While the transformation of the image of the witch from that of an old hag bent only on evil into a sexually attractive young woman who may be either good or evil was the most striking change, it was not the most significant. The two most important works in this series were the movie The Craft (1996) and the TV series Buffy the Vampire Slayer (1997–2003).
The Craft “revolutionized the media’s approach to teenagers, reshaped the media’s imagery of good and evil, and redefined the public’s idea of modern Witchcraft.” Buffy then took “the biblical concepts and images in popular entertainment, emptied them of their biblical meaning, and turned them into mere components of a pagan narrative universe.”
Buffy (Sarah Michelle Gellar) is a 16-year-old high-school girl in Sunnydale, California, destined by an ancient prophecy to be the current “Chosen One.” With the help of her friends, the unlikely young heroine slays the vampires and counters the demons emanating from the “Hellmouth” under Sunnydale.
The show’s creator, Joss Whedon, “a dedicated pro-feminist, environmentally sensitive, gay-friendly, antireligious, atheistic unbeliever,” consciously works to instill these convictions in his audience. He uses the Christian imagery of apocalyptic conflict, demons, and vampires already familiar in popular fiction while thoroughly de-Christianizing it. In a Salon magazine interview, Whedon explained: “I am an atheist, but . . . I do use Christian mythology. . . . I grew up around Christianity and Judaism and those are the prevalent myths and mythic structures of my brain.”
Buffy’s end-times confrontation between the forces of good and evil, for example, comes from the biblical account of the cosmic conflict between God and Satan over the spiritual fate of humanity that culminates in the victory of Christ over Antichrist in John’s Apocalypse. But Whedon’s version lacks any implication that the conflict is between God and Satan, and the biblical themes of temptation, fall, judgment, and redemption that gave meaning to the conflict have disappeared.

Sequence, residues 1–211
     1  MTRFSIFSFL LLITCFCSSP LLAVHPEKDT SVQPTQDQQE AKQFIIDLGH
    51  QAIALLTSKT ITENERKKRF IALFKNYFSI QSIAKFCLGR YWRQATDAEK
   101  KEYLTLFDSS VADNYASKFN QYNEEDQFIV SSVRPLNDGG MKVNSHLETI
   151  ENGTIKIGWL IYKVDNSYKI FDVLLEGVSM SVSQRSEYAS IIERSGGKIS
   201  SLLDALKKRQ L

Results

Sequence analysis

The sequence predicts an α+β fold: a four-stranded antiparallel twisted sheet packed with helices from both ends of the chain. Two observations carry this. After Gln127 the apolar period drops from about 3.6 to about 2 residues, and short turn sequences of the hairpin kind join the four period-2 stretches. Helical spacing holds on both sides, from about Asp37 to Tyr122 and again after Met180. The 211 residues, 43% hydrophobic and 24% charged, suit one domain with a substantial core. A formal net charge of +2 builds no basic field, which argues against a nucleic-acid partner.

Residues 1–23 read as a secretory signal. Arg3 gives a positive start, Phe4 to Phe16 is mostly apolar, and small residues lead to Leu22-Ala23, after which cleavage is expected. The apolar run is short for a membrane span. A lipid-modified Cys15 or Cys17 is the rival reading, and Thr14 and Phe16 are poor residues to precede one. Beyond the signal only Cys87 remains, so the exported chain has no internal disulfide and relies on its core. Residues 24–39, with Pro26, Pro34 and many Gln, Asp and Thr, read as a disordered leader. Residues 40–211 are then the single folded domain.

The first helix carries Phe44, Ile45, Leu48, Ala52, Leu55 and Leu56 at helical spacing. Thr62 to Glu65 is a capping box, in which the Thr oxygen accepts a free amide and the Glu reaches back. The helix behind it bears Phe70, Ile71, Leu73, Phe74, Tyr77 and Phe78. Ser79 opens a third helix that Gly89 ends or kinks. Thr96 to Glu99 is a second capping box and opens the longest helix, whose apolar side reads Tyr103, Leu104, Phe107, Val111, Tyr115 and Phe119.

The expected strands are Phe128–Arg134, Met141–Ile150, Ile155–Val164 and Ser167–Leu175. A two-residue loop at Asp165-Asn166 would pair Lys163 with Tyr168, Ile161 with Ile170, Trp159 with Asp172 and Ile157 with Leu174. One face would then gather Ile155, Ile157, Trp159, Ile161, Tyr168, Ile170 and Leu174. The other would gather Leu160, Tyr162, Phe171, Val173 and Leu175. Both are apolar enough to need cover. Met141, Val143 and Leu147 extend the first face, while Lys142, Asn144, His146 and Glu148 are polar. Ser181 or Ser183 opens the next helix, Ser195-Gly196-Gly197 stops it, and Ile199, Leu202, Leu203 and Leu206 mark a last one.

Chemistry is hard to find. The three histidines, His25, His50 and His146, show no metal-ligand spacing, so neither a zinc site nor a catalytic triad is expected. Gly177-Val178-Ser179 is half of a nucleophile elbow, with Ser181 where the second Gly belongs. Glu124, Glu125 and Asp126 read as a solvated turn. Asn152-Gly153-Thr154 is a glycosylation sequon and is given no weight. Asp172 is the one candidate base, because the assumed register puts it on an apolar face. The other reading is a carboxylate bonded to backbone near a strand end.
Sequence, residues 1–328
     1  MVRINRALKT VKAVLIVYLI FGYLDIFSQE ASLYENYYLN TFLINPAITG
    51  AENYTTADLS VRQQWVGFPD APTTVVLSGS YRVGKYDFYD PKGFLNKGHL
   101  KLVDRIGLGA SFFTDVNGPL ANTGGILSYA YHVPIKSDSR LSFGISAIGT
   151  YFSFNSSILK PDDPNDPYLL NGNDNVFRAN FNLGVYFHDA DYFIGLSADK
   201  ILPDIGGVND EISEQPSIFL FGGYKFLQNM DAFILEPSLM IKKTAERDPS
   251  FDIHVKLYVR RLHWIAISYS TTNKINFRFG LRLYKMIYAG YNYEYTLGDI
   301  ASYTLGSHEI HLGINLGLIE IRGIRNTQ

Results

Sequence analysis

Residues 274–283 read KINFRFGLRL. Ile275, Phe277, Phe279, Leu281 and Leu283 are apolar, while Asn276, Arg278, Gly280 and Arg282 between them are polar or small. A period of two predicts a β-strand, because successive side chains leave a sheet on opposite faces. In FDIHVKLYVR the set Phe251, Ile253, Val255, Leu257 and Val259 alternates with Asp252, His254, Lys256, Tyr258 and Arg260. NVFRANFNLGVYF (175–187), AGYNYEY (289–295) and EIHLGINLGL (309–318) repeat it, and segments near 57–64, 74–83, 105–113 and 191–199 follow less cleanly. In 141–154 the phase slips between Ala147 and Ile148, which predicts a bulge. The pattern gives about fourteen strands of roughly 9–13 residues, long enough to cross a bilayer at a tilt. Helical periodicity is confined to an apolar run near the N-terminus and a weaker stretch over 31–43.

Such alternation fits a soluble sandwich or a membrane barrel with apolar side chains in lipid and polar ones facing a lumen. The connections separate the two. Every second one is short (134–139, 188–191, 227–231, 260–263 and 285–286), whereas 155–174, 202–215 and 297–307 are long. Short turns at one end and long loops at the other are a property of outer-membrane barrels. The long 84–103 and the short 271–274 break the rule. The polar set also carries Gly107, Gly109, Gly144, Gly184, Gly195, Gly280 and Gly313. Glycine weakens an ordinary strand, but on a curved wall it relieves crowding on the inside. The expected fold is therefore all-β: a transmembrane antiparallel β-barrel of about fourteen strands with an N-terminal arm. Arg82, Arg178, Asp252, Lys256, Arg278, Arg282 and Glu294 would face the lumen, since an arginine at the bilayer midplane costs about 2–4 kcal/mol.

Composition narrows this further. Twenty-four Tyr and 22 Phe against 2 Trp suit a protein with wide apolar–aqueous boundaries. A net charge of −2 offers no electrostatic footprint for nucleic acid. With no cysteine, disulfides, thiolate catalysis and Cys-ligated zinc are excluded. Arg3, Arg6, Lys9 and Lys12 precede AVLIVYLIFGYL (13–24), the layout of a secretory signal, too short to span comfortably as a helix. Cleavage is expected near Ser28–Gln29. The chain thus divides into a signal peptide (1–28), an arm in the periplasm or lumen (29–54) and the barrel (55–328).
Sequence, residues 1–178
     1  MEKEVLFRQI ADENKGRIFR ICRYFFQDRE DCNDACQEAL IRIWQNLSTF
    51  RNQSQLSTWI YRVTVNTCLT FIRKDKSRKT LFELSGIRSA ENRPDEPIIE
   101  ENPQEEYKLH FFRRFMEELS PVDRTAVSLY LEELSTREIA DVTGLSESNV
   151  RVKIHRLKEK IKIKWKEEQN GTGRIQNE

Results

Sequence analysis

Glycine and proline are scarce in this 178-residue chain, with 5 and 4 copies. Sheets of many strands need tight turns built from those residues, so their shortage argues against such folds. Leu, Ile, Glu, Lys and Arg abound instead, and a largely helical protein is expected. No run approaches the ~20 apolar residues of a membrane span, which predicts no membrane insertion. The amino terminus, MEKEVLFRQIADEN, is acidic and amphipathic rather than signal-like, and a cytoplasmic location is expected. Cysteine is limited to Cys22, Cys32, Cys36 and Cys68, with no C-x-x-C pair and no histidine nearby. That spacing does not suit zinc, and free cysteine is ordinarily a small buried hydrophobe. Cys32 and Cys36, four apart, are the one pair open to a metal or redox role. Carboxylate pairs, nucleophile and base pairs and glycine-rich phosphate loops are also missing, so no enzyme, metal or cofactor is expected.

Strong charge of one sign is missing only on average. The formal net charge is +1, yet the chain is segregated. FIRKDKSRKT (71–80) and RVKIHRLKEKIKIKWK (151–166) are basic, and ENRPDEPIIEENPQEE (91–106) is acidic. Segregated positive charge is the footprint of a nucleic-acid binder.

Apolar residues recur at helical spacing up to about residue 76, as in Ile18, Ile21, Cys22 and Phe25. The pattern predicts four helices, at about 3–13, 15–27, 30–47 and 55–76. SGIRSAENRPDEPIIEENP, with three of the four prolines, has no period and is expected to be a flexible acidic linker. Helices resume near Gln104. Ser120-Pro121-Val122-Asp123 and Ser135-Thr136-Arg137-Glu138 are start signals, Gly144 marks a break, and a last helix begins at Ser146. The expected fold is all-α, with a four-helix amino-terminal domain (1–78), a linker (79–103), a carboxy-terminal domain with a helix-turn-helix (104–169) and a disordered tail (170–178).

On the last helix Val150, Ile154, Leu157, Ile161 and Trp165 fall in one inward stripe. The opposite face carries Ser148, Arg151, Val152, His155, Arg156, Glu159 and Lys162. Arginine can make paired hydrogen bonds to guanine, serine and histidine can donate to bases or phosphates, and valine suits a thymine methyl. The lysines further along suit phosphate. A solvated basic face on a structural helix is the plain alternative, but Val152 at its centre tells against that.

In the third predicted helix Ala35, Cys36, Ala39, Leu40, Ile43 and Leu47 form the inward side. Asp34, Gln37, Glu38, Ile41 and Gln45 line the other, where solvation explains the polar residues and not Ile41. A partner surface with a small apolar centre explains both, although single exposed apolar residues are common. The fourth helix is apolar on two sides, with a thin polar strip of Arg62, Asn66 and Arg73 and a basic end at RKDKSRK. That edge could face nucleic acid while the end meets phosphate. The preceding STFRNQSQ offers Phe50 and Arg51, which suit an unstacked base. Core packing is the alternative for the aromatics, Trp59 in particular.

Likewise, the vampirism, demons, and demon possession that Whedon portrays in Buffy lack the concern for the redemption of the individual souls of the vampirized and the possessed that had given a Christian significance to previous popular fictions from Dracula to The Exorcist.
Whedon does not care about the Christian story and wants to tell another story, but he uses Christian narrative elements to tell his tales because he is familiar with them. Thus, argues Alexander, “the real story is the dismemberment of Western culture’s Christian legacy—its ‘digestion’ by secularism in a process that empties Christianity’s cultural contribution of its Christian content and then renders its disconnected components to be used for other purposes.”
This “digestion” parallels the “commodification” of religious traditions in a consumerist society that Vincent -Miller warns of in his recent book Consuming Religion: Christian Faith and Practice in a Consumer Culture. Commodification permits the consumers of religion to treat religious elements as interchangeable beads, as it were, that can be taken out of their traditional context and strung onto anyone’s religious necklace. Miller has illustrated the noxious effect of religious commodification by noting that about half of Canadians affirm both the Buddhist doctrine of reincarnation and the Christian doctrine of resurrection.
Miller sees commodification as the natural, unconscious bent of members of a consumerist society. Alexander sees Whedon’s artistic license as a self-conscious act, but would likely agree that Whedon himself is influenced by the same consumerism whose impact on religious traditions Miller deplores.
One difference between Miller’s example of Canadian “commodification” and Alexander’s examples of Whedonian “digestion” is that, in the first, at least the nominal meanings of the contradictory Buddhist and Christian doctrines are retained, whereas in Buffy the meanings of the Christian elements disappear. But the underlying process is the same: appropriation of an element originally from a religious tradition, without regard for its meaning within that tradition or its congruence with other beliefs one holds.